This blog post describes four macro-optimizations for PHP applications that are essential to consider before investigating other possible optimizations.
I often find myself discussing small micro-optimizations for 1-2% of speed gain with other developers, even though these macro optimizations haven’t been dealt with first. While it’s fun chasing after small micro optimizations, often it is debatable if the developer time is well spent. After all, I/O is the more important bottleneck in almost every application.
Micro-optimizations are not useless, as SQLite recently showed – investing months of work and applying hundreds of different changes can improve the performance significantly.
But it’s much more efficient to fix the big issues first. The changes I present in this post can be done quickly and their gains can be massive.
1. Upgrade PHP to a recent version
Are you still using older versions of PHP? You are missing out on a lot of improvements that have been made to the Zend Engine. Every minor version in the PHP 5 lifecycle had some improvements compared to the previous versions.
Rasmus is touring conferences in the last months with his talk Speeding Up the Web with PHP 7 showing numbers for the improvements in different applications and frameworks. Lorna has a post on her blog showing improvements in every new PHP version using the Zend Bench script.
Granted, updating to new PHP versions is not always easy if you are working with legacy code. But if your application is suffering from performance problems then updating is something you should look into.
With PHP7 getting released in November 2015, we will see another performance increase of roughly 100% across all kinds of applications. That means, not having a strategy to upgrade to PHP7 in the next year (maybe two years) is careless from a performance perspective.
Another reason to upgrade to recent PHP versions is the reduced memory consumption. PHP 5.6 uses around 50% less memory than 5.3 and you can handle many more requests at the same time without exhausting server memory.
2. Use accelerator such as APC or OPCache
PHP runs your code in two steps:
- The script will be transformed from PHP code into opcodes by the PHP compiler.
- This intermediate opcache format is then executed by the PHP virtual machine.
Accelerators can cache the first step of this process until the php file changes. Depending on the kind of application you run and your PHP version, using an accelerator can double the performance and then some.
PHP 5.5 already includes Opcache, so there is another reason why you should upgrade to newer versions. On earlier versions you should use APC (5.3) or install Opcache from PECL (5.4).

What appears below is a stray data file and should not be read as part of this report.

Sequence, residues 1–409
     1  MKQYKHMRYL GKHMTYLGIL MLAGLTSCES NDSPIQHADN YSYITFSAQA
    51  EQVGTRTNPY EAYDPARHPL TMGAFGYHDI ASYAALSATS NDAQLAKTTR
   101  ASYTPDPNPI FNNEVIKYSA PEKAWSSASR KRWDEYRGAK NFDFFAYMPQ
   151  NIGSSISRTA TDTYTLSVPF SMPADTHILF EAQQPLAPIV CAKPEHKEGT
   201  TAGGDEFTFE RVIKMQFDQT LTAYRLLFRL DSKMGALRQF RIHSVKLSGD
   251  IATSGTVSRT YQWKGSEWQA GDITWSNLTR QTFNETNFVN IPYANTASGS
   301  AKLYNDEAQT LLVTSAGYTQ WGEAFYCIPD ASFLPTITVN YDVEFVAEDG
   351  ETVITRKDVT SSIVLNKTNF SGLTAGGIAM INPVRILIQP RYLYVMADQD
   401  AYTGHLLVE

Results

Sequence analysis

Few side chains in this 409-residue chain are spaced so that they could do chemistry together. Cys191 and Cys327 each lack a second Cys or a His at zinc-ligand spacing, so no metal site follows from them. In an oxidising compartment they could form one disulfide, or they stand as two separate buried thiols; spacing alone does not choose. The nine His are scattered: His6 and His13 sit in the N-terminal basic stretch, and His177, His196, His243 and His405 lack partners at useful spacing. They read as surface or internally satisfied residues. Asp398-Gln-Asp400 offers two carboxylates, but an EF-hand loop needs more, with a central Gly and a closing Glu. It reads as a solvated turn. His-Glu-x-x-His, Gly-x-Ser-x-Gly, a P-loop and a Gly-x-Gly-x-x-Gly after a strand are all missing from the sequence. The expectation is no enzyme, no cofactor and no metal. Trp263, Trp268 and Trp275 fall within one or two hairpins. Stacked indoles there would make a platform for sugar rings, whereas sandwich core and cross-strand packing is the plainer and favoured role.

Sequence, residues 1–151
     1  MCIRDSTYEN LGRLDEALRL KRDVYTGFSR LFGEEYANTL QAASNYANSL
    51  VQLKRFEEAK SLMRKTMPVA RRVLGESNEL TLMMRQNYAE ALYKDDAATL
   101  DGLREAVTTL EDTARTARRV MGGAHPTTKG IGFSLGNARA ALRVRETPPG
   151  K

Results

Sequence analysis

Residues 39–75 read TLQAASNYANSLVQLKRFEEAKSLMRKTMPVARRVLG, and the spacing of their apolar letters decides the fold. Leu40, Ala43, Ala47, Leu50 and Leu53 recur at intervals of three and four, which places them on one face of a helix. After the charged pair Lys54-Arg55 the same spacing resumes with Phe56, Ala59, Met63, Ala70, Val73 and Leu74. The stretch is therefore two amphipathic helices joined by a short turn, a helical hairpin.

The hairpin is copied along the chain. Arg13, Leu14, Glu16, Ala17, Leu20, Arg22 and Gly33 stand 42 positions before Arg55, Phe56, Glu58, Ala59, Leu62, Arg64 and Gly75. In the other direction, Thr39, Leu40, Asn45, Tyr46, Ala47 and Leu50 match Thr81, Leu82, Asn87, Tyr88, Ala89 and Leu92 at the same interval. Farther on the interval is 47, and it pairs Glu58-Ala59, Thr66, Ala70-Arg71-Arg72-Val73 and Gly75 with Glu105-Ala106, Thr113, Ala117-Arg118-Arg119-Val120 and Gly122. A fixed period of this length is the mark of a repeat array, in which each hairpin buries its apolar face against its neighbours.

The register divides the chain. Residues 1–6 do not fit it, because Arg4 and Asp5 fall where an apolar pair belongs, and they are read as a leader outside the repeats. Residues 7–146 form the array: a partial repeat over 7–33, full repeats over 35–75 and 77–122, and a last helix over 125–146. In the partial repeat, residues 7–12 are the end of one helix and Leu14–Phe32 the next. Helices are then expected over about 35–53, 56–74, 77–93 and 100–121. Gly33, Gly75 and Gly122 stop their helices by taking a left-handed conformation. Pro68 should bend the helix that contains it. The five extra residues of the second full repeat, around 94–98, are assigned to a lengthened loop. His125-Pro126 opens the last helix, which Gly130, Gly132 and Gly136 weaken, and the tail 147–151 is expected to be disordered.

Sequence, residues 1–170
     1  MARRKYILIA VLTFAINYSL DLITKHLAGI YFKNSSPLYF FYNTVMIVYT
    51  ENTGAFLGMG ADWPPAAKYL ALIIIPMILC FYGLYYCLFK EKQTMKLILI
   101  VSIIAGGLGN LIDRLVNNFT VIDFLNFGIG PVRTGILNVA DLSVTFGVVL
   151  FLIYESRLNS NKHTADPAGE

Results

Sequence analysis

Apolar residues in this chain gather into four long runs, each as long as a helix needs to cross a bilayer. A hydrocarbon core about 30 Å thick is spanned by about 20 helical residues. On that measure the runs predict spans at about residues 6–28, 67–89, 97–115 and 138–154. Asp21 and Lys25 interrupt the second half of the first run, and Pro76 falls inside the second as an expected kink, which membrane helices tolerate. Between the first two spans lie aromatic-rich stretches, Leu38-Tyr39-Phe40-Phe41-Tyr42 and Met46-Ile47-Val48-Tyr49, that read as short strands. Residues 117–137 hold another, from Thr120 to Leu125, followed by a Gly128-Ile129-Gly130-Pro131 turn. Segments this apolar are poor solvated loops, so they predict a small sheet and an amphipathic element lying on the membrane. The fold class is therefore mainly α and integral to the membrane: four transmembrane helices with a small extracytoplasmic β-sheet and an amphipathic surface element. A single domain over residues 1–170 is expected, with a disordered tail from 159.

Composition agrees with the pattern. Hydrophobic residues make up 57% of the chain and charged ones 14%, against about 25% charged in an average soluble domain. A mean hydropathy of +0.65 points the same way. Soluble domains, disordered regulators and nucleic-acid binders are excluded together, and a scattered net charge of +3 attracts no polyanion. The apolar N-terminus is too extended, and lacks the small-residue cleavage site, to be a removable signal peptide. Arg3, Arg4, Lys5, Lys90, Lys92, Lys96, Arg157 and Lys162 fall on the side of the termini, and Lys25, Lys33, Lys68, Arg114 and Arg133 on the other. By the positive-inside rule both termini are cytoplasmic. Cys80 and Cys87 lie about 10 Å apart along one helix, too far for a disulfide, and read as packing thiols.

If you are running on shared hosting then it is possible that your hoster disabled an opcode cache for security reasons. If you are technically savvy then you should move your code to more modern hosters that give you more control and are still very affordable. We are big fans of both Digitalocean and Syseleven for hosting.
3. Close Session for Writes
Careful with sessions in PHP: By default only one request can execute synchronously per session at the same time. Other requests for the same session will wait inside the
session_start() call until the previous requests are finished. This problem becomes visible to the user when executing a lot of ajax requests on the same page, loading perfectly one after another and not in parallel.
Session locks exist, because otherwise lost-updates or corruption could happen when two requests write to the same session at the same time.
Contrary to popular believe the Memcache Session handler does not fix the locking problem anymore. Up to version 2.0 it had no locking, but this was implemented in version 3 which is now part of all major Linux distributions. The memcached extension uses locking as well.
What you need to do to fix this problem is explicitly close the session for writes. The PHP function
session_write_close(); releases the lock and requests with the same session can be executed concurrently.
Only keep the session open in requests where you are writing to the session, such as the login page. In general you should avoid writing too much data to the session, so that you can close it very early in the majority of requests.
In a Tideways Timeline Trace you can identify this problem when there is a large duration for the
session_start() function, in this case over 400ms:
4. Don’t run XDebug in Production
The XDebug extension should not be used in production, it is a development extension. Just by installing it, your PHP code will run slower – sometimes several magnitudes.
That doesn’t make XDebug an extension non-grata, it just isn’t built for production as the author Derick Rethans mentions himself. If you absolutely need to use a debugger in production, then activate the extension only for a short amount of time on a single server.